The silver content in 90% silver dollars gives them a baseline intrinsic value that is higher than face value. These coins contain 0.77344 troy ounces of pure silver. With the current silver spot price around $23 per troy ounce, the silver value is approximately $17.80 for one of these classic US dollar coins.

That is already an increase of 1,580% above the original $1 face value at which the coins circulated. Dealers typically pay a premium above the melt value when purchasing 90% silver US coins to account for refining and transaction fees.

Condition is key for numismatic premium

On top of their silver content, 90% silver dollars also carry a numismatic premium based on date, mintmark, condition, and other factors. While the silver melt value sets the base level, the condition is key for commanding maximum collector value.

Coins graded MS-65 or higher by third-party grading services like PCGS or NGC tend to bring strong premiums. The difference in value between an AU-58 and MS-63 coin can be massive even though they might look similar to an untrained eye.

Silver dollars with unique histories can fetch high prices

Some silver dollars and other US coins have unique histories that compel wealthy collectors to pay enormous sums at auction. For example, an 1804 Draped Bust Silver Dollar sold in 2021 for over $7.6 million.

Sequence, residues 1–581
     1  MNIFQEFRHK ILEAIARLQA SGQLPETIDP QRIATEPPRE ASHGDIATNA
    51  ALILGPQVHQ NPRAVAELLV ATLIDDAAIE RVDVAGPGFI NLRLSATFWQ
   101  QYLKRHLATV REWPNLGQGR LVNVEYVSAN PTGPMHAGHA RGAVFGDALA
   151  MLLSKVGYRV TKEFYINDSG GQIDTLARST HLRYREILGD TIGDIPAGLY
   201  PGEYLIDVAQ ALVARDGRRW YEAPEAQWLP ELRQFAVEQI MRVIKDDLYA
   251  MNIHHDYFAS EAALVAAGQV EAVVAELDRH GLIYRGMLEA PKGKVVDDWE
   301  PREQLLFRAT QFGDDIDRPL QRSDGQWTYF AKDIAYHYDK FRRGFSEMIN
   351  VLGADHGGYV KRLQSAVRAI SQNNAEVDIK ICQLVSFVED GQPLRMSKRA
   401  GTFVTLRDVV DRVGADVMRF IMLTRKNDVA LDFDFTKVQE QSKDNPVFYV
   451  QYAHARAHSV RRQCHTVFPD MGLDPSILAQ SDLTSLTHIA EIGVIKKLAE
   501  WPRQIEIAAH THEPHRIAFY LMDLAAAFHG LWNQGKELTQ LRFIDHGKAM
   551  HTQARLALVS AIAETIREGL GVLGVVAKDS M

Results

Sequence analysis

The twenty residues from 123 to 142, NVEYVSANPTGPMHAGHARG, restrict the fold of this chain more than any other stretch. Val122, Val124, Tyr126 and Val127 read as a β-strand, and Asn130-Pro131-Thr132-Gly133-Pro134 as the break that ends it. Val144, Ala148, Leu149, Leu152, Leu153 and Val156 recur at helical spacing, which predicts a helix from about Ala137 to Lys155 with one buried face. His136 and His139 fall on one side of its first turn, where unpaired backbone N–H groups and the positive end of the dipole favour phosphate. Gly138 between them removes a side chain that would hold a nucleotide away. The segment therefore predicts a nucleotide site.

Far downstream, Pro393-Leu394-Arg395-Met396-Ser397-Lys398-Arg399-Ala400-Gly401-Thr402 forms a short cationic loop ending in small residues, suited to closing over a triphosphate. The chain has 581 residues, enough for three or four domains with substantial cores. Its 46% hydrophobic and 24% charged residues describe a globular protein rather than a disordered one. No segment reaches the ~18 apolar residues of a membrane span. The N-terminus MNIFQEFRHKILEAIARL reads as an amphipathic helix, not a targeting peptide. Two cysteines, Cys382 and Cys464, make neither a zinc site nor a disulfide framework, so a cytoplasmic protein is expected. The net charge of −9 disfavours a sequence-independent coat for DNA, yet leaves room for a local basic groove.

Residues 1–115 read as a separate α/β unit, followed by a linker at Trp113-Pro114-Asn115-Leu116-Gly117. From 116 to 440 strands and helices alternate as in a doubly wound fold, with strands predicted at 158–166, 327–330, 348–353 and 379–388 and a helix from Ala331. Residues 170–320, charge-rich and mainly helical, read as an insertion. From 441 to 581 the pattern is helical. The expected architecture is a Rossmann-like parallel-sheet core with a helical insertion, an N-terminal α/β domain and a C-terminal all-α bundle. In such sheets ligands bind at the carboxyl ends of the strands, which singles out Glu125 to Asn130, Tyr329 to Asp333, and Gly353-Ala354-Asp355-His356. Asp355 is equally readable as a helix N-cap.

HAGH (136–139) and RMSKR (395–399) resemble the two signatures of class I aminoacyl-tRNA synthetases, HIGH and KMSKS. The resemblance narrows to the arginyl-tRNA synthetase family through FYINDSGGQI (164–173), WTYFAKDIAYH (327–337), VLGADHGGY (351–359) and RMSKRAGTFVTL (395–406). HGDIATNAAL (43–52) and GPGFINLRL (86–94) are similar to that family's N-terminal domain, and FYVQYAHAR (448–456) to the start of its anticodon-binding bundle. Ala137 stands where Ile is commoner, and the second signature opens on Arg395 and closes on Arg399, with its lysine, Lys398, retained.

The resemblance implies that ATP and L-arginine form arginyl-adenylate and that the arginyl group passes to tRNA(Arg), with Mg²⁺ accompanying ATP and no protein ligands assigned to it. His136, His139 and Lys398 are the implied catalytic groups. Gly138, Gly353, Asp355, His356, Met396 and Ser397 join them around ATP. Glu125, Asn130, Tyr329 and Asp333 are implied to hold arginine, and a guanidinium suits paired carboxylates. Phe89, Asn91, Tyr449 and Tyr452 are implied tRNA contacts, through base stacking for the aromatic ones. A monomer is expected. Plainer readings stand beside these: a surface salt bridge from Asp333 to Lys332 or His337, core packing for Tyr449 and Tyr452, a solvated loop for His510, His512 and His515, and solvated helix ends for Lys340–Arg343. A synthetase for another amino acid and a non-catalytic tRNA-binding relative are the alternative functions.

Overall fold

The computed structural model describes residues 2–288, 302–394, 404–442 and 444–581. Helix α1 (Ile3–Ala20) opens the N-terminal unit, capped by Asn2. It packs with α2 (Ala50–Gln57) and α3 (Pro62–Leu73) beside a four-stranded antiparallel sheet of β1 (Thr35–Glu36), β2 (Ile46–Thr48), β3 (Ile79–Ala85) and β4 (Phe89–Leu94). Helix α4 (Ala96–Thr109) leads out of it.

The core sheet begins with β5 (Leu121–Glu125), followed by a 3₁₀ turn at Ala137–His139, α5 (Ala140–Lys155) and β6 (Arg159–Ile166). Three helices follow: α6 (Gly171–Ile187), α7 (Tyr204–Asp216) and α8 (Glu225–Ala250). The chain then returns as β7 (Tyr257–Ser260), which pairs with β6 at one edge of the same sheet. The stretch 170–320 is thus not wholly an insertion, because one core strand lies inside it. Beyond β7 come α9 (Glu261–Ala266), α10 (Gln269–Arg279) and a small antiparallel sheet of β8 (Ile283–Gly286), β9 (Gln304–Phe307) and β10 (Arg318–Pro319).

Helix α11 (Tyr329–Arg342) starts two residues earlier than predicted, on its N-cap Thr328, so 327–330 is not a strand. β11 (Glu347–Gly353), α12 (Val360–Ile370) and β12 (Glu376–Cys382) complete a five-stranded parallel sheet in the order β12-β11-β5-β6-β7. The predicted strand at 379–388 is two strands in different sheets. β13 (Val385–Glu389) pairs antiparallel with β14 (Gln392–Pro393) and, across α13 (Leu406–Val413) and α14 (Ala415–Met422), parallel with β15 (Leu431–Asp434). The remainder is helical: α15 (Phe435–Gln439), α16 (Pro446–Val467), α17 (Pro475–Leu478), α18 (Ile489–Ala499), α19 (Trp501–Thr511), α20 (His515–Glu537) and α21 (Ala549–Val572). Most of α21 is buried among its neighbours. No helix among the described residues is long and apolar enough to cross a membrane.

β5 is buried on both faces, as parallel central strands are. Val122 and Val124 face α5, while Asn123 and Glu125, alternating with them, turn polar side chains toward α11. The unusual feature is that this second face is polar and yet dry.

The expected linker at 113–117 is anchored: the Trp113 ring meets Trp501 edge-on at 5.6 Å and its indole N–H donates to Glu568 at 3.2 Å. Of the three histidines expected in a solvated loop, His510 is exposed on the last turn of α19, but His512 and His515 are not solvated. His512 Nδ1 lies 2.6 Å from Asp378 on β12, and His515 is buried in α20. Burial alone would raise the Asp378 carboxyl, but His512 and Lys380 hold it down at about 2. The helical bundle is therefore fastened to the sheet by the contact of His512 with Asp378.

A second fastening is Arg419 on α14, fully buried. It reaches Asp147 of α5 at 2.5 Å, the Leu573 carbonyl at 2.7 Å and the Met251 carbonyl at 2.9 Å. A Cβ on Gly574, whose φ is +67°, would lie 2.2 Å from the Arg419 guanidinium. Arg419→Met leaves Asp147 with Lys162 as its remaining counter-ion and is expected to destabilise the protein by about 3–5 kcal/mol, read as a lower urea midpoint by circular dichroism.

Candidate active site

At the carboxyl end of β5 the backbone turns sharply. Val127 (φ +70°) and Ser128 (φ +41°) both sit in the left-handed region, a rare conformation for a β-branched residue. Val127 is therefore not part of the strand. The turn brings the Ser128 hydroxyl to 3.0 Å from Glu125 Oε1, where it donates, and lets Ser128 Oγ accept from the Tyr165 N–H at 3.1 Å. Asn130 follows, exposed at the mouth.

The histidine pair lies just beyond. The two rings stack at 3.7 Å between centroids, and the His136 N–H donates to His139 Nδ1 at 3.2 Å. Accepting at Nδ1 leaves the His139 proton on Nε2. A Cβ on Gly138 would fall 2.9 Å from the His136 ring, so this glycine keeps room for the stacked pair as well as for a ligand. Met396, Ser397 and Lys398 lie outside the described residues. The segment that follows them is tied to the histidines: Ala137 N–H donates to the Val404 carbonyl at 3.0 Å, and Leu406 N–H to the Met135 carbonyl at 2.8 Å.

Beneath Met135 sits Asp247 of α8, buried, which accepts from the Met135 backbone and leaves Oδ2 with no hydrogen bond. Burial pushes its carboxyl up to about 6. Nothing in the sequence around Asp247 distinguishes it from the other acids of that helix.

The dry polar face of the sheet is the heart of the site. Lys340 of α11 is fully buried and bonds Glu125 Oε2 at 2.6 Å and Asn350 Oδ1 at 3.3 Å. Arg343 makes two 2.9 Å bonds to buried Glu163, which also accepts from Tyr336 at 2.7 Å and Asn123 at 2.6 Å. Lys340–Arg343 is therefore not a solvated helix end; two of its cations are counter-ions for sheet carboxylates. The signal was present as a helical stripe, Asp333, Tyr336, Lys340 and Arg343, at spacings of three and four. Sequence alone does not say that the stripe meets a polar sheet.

While that is an extreme example, many other coins with special backstories have realized 5, 6, and 7-figure auction records. Some examples that have topped $100k in Heritage Auctions events include:

As you can see, the most desirable rare US silver dollars can be extremely valuable to wealthy coin collectors. Even common-date specimens in top condition carry sizable premiums over the intrinsic silver value.

What Is A Silver Dollar Made Of – Conclusion

While all silver dollars have a rich history, their composition has evolved significantly from the original 90% silver spec. Lower-cost metals allow the mint to produce more coins today, even if silver content is gone.

For collectors and stackers, early 90% silver dollar coins hold higher intrinsic value, making them more appealing than their modern counterparts.